• breast cancer;
  • cysteinyl leukotriene receptors;
  • tamoxifen;
  • prognosis;
  • tumor cell migration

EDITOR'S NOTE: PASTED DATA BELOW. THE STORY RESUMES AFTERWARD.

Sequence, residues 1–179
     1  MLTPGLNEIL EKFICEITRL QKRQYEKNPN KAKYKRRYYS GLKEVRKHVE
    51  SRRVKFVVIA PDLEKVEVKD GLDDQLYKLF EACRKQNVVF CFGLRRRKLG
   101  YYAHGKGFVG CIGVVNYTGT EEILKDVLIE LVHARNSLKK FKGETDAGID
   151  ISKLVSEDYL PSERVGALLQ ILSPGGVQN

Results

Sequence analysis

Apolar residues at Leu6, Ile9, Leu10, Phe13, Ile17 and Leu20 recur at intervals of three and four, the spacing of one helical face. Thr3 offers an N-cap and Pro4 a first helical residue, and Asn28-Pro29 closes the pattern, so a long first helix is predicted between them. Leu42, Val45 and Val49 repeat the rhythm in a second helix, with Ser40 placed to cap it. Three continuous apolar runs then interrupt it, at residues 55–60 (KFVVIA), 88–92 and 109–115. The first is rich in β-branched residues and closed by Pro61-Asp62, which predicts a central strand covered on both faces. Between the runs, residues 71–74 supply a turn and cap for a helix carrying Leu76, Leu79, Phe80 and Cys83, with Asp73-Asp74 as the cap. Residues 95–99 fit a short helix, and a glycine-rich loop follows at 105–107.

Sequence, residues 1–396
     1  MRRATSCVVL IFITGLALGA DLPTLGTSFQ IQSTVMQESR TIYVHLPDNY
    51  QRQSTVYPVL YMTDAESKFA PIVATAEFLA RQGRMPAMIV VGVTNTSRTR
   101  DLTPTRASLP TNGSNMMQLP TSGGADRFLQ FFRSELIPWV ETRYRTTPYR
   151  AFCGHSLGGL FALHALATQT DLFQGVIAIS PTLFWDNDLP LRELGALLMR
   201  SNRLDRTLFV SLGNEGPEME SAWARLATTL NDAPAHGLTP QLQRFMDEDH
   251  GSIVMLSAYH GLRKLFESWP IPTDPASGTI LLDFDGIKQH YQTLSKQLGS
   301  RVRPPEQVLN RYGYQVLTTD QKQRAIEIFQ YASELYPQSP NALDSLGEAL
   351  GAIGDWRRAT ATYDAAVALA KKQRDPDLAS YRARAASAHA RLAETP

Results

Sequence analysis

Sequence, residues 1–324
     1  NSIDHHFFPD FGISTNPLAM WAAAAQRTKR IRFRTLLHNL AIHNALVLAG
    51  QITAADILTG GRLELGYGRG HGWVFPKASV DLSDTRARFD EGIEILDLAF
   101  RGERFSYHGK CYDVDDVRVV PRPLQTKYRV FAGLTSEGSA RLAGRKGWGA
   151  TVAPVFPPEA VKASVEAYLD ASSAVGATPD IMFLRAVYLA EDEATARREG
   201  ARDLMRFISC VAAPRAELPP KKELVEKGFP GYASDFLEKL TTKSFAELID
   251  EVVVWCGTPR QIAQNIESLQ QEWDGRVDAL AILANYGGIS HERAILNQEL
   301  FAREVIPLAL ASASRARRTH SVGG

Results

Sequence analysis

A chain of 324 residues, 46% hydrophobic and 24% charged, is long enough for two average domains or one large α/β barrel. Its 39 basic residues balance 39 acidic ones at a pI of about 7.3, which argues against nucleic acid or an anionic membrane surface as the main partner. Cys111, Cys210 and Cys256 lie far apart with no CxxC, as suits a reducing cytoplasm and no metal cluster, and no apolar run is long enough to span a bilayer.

The fact that breast cancer patients with local or distal dissemination exhibit decreased survival, promotes a search for novel mechanisms to suppress such tumor progression. Here, we have determined the expression of proinflammatory cysteinyl leukotriene receptors (CysLTRs) in breast tumor tissue and their signaling effect on breast cancer cell functions related to tumor progression. Patients with breast tumors characterized by high CysLT1R and low CysLT2R expression levels exhibited increased risk of cancer-induced death in univariate analysis for both the total patient group (hazard ratio [HR] = 2.88, 95% confidence interval [CI] = 1.11–7.41), as well as patients with large (>20 mm) tumors (HR = 5.08, 95% CI = 1.39–18.5). Multivariate analysis revealed that patients with large tumors exhibiting high CysLT1R and low CysLT2R expression levels had a significantly reduced survival, also when adjusted for established prognostic parameters (HR = 7.51, 95% CI = 1.83–30.8). In patients with large (>20 mm) tumors, elevated CysLT2R expression predicted an improved 5-year survival (log-rank test p = 0.04). Surprisingly, for longer time periods, this prognostic value was lost. This disappearance coincided with the termination of hormonal treatment. Tamoxifen preserved and even induced transcription of CysLT2R, but not CysLT1R, in estrogene receptor-positive MCF-7 breast cancer cells. This elevated CysLT2R expression decreased, even below the level of untreated cells, when tamoxifen was withdrawn. CysLT2R signaling reduced MCF-7 cell migration, but had no effect on either proliferation or apoptosis. Our data indicate that low CysLT1R together with high CysLT2R expression levels might be useful parameters in prognostication and treatment stratification of breast cancer patients.